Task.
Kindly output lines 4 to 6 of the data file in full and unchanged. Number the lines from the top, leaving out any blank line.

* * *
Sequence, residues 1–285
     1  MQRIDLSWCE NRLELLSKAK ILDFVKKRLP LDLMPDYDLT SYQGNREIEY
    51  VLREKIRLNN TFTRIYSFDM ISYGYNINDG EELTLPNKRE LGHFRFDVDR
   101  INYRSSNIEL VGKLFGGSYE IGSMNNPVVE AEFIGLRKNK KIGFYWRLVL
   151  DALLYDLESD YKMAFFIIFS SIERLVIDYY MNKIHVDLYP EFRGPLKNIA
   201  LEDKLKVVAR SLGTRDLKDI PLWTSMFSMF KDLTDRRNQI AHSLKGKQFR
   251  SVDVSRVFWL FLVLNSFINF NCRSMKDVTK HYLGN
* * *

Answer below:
   101  INYRSSNIEL VGKLFGGSYE IGSMNNPVVE AEFIGLRKNK KIGFYWRLVL
   151  DALLYDLESD YKMAFFIIFS SIERLVIDYY MNKIHVDLYP EFRGPLKNIA
   201  LEDKLKVVAR SLGTRDLKDI PLWTSMFSMF KDLTDRRNQI AHSLKGKQFR